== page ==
4 of 6 people found the following review helpful
This review is from: Klitschko [DVD] (DVD)
Written and directed by Sebastian Dehnhardt: Klitschko is a documentary film that tells the remarkable story of how two brothers born into a military family during the Cold War became international sports stars and became the first only brothers to hold all of the world heavyweight titles simultaneously.
In fact for nearly a decade these two Ukrainian giants have dominated world heavyweight boxing. Prior to this documentary film I knew them only as two polite, intelligent boxers who are great ambassadors of the sport. Outside of their boxing careers I realised I knew very little about them apart from the fact they enjoyed chess and were very close and supportive of each other.
This documentary gives the viewer a fascinating insight into the enigmatic and engaging Klitschko brothers. We go behind the scenes: in the dressing rooms, the gyms and training camps and into their homes. We meet their parents (sadly their father recently passed away) and learn just how important family has been in their development as boxers and as people.
I had no idea that their father was part of the clean-up operation of the nuclear disaster at Chernobyl. As children both brothers moved around a lot because their father was in the Soviet military. This clearly developed their personalities and relationship. Anyone that tackles a Klitschko psychologically at least is going toe-to-toe with both of them.
This also operates as a perfect time capsule, the portion of the film that shows the eldest brother Vitali visiting the USA as an amateur boxer during the last days of the Cold War is particularly fascinating and revealing of the attitudes and mindset of East Europeans and Soviets at that time. Although this happened recently it already feels like a part of ancient history.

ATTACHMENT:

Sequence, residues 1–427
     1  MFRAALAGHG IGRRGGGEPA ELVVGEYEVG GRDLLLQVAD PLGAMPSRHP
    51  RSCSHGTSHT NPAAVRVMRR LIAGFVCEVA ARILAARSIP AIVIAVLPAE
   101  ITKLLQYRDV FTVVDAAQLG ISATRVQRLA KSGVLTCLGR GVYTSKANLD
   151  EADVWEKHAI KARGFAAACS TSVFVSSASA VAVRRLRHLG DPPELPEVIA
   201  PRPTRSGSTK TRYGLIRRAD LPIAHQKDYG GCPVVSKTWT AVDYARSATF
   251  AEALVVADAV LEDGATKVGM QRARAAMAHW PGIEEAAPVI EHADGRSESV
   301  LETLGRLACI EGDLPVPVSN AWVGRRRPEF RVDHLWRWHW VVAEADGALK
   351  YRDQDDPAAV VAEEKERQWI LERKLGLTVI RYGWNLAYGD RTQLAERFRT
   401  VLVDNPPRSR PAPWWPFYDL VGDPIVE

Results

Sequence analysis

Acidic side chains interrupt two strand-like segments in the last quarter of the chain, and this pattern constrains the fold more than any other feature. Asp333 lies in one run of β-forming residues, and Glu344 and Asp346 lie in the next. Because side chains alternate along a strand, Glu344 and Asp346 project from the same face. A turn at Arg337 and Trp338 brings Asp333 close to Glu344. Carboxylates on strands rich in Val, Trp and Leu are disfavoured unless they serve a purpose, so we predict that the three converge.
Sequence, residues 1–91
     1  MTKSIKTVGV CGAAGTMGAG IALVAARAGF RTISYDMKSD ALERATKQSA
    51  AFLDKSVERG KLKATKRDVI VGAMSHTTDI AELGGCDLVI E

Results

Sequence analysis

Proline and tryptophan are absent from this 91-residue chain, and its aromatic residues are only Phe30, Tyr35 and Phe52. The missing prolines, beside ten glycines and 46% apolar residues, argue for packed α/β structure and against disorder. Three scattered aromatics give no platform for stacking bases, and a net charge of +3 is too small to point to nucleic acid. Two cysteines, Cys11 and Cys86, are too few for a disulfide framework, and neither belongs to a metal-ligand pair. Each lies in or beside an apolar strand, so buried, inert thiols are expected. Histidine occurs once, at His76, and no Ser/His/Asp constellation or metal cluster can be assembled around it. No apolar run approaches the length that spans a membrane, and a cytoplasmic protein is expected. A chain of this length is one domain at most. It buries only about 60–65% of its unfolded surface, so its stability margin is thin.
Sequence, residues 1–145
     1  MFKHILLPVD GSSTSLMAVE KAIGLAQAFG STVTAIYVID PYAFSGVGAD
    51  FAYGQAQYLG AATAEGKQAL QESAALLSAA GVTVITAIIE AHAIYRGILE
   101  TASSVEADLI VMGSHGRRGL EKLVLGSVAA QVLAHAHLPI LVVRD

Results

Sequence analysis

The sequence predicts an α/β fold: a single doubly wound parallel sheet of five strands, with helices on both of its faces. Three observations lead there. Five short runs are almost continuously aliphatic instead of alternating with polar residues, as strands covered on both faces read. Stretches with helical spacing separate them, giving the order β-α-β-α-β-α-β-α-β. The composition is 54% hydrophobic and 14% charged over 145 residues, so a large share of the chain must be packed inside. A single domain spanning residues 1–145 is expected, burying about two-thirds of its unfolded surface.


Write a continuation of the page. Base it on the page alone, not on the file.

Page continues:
The film follows both brothers move from amateur boxing to the professional code and basing themselves in Germany where they are both idolised.
Let's make one thing very clear: this is not a vanity project. We get the highs and the lows. The defeats and lowest points are highlighted just as much as the greatest triumphs and as a consequence a balanced and compulsive film emerges.
The injuries that boxers can sustain is also brought into sharp focus rather than glossed over, making it crystal clear just what a tough occupation the brothers have chosen. Past opponents are also interviewed giving their opinions on the sport and the brothers.
Nutrition, training techniques and boxing styles are all put under the microscope with no detail left out.
Promoters, managers, trainers and journalists are also interviewed and we have a fully rounded picture of the brothers and their impact worldwide.
If you are a fan of boxing this is unmissable. Even if you are not, this is the perfect vehicle for you to learn more about the sport and just what it is that boxers give in their quest for success and recognition.
Klitschko with its high production values, sharp editing, compelling characters and wonderfully engaging story has to be one of the best if not the best sports documentary films I have ever seen.
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Initial post: 24 Jul 2012 13:33:23 BDT
Jack O'Brien says:
True rags to riches story. Admire them both.
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